I am a big fan of William Gibson: I like his books*, and the Cyberpunk World he created, where humans can be “upgraded” and can get better through technology.
I have always been attracted by new technologies, and ways to improve our every-day life. As a fan of science-fiction, and with a Biology background, I guess it’s normal for me to consider new technologies when thinking about the evolution of humans.
But until a few months ago, this was only science-fiction. Yes, I’d be one of the first to volunteer to get an implant behind my ear, or “implanted” glasses connected to Internet and to my brain. But the closest thing from this was Augmented reality. And I must say I wasn’t really convinced. I tried a few apps when AR started appearing in our smartphones, but nothing blew my mind like Google Glass and Myo.
I guess you’ve all seen the Google Glass Intro video by now, but here it is again:
What was your first reaction? I’ll be honest, I didn’t believe it. I thought that this was yet another prototype video: it looks cool, but it won’t be available any time soon. This was probably recorded with GoPros.
I was wrong. If you’re lucky and live in the US, you can actually apply to be one of the first to get one pair!
So it does work. And Joshua Topolsky proved it by trying the glasses for a day, last week:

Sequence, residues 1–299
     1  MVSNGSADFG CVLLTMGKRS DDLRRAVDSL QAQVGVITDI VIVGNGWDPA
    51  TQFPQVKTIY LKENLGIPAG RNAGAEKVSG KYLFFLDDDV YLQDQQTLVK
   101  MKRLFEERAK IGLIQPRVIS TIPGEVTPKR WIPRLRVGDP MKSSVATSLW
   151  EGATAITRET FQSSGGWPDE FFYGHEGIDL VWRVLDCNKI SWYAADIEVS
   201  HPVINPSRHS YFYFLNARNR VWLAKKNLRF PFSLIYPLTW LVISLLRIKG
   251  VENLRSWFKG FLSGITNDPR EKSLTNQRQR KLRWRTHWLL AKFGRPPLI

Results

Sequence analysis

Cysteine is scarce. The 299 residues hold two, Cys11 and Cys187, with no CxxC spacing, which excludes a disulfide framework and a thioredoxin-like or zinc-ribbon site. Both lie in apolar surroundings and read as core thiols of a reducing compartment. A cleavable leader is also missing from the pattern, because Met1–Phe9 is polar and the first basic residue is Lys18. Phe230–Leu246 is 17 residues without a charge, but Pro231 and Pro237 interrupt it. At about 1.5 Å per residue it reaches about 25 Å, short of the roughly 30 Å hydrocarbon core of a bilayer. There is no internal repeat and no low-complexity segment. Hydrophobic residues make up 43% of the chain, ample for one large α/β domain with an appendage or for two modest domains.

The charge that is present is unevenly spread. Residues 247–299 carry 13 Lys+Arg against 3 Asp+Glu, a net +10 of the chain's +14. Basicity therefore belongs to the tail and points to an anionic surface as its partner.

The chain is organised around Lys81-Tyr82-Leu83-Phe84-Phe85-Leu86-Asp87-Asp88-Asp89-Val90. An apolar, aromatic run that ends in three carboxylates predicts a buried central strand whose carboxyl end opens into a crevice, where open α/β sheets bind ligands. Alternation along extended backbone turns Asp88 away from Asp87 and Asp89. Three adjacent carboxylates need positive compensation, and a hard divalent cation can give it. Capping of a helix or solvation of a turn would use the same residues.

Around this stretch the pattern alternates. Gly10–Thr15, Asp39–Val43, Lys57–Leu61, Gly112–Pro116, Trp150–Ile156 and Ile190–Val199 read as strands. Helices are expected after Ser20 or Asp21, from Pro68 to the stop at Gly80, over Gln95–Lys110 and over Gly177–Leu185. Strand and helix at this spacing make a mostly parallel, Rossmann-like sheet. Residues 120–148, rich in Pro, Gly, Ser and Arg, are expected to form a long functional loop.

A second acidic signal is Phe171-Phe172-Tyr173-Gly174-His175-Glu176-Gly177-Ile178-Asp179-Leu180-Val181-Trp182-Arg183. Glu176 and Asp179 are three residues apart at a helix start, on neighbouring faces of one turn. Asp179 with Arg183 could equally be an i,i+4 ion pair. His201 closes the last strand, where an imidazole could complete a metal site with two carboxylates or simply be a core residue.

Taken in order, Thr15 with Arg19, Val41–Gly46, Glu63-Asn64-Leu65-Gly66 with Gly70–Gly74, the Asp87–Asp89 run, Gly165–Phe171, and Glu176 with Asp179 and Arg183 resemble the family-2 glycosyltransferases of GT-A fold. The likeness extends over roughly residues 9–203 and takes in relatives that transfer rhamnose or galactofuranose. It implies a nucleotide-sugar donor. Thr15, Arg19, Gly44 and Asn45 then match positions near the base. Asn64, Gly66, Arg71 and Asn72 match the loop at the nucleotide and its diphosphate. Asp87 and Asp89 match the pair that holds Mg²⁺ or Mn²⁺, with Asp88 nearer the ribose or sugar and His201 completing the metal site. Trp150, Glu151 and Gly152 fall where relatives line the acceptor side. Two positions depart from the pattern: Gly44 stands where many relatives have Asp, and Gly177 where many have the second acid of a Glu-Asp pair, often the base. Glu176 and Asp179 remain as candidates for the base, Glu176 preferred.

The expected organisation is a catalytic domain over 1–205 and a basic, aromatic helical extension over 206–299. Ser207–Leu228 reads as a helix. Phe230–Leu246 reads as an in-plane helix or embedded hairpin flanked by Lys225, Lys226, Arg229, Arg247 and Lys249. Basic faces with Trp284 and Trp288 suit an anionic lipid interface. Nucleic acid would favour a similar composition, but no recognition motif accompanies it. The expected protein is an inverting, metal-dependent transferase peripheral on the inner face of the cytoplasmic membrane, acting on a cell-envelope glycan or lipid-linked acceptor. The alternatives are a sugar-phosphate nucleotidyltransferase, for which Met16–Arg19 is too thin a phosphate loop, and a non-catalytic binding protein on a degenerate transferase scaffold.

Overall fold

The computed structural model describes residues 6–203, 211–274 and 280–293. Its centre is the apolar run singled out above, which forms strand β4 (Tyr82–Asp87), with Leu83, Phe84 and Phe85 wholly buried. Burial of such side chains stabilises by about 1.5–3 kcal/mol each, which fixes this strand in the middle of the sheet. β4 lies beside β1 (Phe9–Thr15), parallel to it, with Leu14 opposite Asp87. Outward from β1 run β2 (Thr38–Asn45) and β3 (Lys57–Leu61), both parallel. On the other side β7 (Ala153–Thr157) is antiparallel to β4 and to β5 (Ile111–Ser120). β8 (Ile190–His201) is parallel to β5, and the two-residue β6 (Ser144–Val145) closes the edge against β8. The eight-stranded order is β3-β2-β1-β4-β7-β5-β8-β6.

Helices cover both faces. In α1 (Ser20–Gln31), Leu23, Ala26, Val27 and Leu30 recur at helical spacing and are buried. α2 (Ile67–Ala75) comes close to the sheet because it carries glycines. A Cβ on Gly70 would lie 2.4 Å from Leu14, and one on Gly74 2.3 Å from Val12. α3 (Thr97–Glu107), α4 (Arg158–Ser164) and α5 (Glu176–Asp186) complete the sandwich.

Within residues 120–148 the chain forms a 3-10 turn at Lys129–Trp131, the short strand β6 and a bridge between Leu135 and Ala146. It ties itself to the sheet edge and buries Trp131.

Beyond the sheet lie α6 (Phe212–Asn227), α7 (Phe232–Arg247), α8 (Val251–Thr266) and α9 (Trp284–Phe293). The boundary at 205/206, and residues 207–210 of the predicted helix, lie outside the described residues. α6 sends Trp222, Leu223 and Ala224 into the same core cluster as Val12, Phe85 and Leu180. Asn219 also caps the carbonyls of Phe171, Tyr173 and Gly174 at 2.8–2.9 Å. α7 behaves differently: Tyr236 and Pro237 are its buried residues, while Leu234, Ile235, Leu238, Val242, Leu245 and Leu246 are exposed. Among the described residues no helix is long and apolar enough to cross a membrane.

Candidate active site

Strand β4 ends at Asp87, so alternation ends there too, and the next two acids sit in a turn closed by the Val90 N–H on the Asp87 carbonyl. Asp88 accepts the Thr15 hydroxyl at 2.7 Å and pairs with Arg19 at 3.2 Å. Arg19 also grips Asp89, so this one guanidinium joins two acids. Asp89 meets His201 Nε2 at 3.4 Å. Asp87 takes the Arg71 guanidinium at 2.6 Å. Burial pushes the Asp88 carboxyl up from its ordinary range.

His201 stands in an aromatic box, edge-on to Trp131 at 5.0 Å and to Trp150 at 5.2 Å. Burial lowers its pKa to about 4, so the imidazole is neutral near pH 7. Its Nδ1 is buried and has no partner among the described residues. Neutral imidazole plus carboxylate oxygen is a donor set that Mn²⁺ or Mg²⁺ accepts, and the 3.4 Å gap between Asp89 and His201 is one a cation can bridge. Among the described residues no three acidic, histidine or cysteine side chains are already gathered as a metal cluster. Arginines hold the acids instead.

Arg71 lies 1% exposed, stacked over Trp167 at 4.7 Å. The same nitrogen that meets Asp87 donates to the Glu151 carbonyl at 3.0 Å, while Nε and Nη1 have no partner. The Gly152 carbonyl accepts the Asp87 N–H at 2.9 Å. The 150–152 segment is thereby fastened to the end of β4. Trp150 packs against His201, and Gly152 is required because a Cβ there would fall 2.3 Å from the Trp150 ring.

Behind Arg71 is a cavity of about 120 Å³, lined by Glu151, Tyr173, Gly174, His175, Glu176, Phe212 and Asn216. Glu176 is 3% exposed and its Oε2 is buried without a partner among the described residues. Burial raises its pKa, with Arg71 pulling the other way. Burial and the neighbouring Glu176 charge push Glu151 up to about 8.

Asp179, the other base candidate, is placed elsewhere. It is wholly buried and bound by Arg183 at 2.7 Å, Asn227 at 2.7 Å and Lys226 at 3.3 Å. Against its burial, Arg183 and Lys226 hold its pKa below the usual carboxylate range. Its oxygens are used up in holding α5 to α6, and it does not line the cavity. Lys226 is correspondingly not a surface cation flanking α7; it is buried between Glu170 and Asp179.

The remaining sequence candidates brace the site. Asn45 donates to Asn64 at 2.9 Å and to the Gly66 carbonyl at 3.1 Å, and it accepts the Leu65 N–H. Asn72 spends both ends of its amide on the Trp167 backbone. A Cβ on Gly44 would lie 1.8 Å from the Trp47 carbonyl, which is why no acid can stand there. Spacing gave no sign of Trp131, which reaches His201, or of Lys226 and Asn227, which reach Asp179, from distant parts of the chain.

The video is not fake, the glasses work, they look good: I want them. On 1 condition though: it has to understand my French accent.
The video is not fake, the glasses work, they look good: I want them. On 1 condition though: it has to understand my French accent. And speaking from experience, Google isn’t good at that yet (or I’m not good at speaking with a proper accent, up to you).
But that’s where the main problem is, isn’t it? As long as we will have to say things out loud, it won’t be a huge success. Do you use Siri to dictate SMS while riding the subway? Don’t you think that saying “Ok Glass, record a video” will break all spontaneity if you want to record your friends during a Karaoke party?
That’s where William Gibson was right; these devices should be connected directly to our brains, and pull data as we think about it. We’re not there yet, but some companies are thinking about it… Need an example? Meet MYO.
Unleash your inner Jedi
The device is not connected to your brain, but will react to every movement of your arm. It’s affordable, and can be extended through an API. You can use it to interact with your computer, or with other connected devices. Who knows, in a little while you might be able to interact with use Google Glass and Myo together!
I haven’t tried any other connected devices like Myo or Google Glass, but I was impressed by two product demos at LeWeb in December: Nest and Lockitron. While both products still have obvious flaws (Lockitron won’t work on my standard european locks, for example), I’d like to have more products like these around me, with me, making my life easier every day.
If you haven’t read it yet, go read Neuromancer. I’m always looking for friends willing to get a neural implant when I’ll get mine! :)